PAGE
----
The Last Anniversary and Three Wishes

Thursday, July 9, 2015

The Last Anniversary 
by Liane Moriarty 

Moriatry crafts novels that suck you in immediately. The timeline and family tree in this one are a little trickier to follow than her others, but I read it in one weekend and that helped me keep everything straight. 

The Gordon family has lived on a small island in Australia for years. A mystery involving a vanished family and abandoned baby has haunted the shores for decades. When Connie, one of the eldest members of the family passes away, she unexpectedly leaves her home to her grandson’s ex-girlfriend Sophie. The odd choice baffles the family, but soon Sophie steps into her ready-made life on the island. She meets Connie’s whimsical sister Rose, Enigma, the mystery baby and her adult daughters: Margie and Laura. The grandkids, Grace, Thomas, and Veronica are all adults as well. Each one adds a unique twist to the story. 

Grace’s story was powerful because it gave such an intimate look at post-partum depression, something so few people understand. I also loved seeing Margie’s transformation. Standing up for yourself after years of being put down is incredibly difficult. The big twist/reveals weren’t as shocking as some of her other novels, like Big Little Lies (link), but that didn’t matter. I just enjoy the worlds she creates too much to care. 

BOTTOM LINE: The magic of the island is infectious. You want to visit it and be swept away by the mystery of it all. It’s not my favorite Moriarty novel. It definitely feels like an earlier work, but that just means she’s getting better with each book and I have even more great novels to look forward to.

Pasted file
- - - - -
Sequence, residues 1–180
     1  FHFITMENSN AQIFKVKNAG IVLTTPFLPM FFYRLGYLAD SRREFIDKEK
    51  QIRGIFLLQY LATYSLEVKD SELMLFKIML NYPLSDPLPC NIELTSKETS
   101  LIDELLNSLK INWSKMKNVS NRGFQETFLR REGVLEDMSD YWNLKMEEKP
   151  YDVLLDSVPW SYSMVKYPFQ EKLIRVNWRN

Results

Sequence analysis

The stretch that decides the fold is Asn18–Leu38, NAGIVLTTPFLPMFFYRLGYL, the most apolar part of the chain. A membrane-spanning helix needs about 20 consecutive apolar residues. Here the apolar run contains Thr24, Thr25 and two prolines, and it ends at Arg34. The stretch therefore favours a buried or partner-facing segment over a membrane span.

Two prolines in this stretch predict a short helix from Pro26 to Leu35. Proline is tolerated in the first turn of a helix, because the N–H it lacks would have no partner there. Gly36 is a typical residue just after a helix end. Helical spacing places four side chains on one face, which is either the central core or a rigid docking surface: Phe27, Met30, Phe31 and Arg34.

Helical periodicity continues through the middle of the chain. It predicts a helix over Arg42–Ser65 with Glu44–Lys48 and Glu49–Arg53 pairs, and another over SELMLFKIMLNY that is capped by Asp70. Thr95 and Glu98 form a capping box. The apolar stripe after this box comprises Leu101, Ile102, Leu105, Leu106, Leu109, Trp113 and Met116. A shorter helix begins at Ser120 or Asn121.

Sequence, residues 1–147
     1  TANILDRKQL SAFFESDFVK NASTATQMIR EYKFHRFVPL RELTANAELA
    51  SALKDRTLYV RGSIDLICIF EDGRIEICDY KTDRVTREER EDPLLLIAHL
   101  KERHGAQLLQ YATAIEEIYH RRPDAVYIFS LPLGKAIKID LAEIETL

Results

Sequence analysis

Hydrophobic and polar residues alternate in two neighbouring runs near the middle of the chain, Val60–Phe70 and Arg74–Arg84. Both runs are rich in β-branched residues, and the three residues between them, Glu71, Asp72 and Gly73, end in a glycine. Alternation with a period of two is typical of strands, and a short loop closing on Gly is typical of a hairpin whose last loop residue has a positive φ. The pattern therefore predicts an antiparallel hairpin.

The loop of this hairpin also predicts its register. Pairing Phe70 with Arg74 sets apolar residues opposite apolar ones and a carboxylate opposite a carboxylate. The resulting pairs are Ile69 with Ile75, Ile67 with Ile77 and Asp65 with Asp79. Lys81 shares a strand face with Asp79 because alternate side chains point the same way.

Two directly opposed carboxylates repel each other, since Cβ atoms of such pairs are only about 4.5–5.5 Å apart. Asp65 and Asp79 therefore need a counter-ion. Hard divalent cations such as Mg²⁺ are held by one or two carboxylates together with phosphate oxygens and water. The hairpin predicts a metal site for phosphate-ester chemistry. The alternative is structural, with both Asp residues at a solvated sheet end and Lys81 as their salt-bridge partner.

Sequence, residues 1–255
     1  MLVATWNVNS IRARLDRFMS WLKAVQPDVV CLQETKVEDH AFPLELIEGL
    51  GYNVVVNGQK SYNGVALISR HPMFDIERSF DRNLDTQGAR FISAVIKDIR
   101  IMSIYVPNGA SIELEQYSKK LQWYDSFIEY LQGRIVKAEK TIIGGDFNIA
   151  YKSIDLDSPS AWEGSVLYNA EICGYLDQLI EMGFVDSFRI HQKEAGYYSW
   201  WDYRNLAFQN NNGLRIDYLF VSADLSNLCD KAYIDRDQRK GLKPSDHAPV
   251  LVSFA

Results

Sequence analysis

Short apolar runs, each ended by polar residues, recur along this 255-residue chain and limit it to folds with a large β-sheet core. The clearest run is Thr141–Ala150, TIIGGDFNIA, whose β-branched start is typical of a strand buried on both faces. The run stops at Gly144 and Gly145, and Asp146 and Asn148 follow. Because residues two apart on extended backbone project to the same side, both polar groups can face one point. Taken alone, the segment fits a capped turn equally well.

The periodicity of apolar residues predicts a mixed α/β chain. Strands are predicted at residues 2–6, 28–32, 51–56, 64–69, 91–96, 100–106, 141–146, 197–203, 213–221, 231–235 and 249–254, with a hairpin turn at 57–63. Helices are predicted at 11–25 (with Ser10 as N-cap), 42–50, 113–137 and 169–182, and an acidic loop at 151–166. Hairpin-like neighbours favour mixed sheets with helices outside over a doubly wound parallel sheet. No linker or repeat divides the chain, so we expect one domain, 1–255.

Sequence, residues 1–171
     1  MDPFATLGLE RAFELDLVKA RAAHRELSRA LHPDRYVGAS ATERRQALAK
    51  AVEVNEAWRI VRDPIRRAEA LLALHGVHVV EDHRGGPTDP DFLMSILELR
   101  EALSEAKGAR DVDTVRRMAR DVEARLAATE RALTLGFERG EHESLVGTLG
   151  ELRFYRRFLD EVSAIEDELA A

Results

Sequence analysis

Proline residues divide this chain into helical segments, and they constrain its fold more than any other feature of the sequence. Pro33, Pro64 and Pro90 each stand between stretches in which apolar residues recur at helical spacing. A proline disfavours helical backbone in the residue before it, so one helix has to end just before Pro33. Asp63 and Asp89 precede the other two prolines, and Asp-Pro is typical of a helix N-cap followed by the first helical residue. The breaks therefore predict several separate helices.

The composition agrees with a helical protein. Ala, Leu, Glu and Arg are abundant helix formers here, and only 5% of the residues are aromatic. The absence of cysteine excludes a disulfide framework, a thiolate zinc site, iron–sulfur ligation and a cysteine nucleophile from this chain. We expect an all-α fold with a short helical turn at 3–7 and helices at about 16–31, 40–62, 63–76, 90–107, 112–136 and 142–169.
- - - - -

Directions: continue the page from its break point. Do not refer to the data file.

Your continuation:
Three Wishes
by Liane Moriarty 

Gemma, Cat, and Lyn are triplets. In the opening pages they are celebrating their birthdays at a posh Sydney restaurant and we see the meal unfold through the eyes of other patrons. Gemma is a wild spirit, the dreamy, untethered sister. Cat is the strong, brash one. Lyn is the organized, uptight one. The three are so close, yet so wildly different. The trio makes up a pretty exclusive club, yet they don’t tell each other some of the biggest secrets in their lives.

Starting with the opening scene, there are short chapters sprinkled in from the random points of view of people whose paths crossed with the girls in some fleeting way. It was an interesting chance to see them from the point of view of an outsider. The style reminded me a bit of the way Moriarty used the police interviews to break up the story in Big Little Lies (though I think the technique worked better in that novel).
One of the things I love about Moriarty's books is the way she portrays women. They are complicated. They can be jealous, selfless, kind, furious, and more without being labels a "good" or "bad" character. In other words, they are like real women. Her men tend to be a little more one-dimensional, either they are bad guys or they are long-suffering supportive husbands. That's not always true, but it seems like more often than not they fall into one group or the other. The women though don't have nearly the same defined motivations and I love that. Each of the sisters comes across as flawed and vulnerable in different ways.

BOTTOM LINE: I love Moriarty's books. This is my least favorite so far though and I would recommend picking it up after you've already read The Husband's Secret and Big Little Lies.


Brona said...

Sounds like I will enjoy these when I get to day. Maybe my next holiday read :-)

Jillian said...

Moriarty has sadly just never been for me. I never can get into her stories. I feel like there's so much stuff going on, but nothing is cohesive. I do get the appeal though. I wish I liked her more.

Melissa (Avid Reader) said...

Brona - I love reading her when I'm on vacation!

Jillian - There are definitely authors I thought I'd love that never worked for me.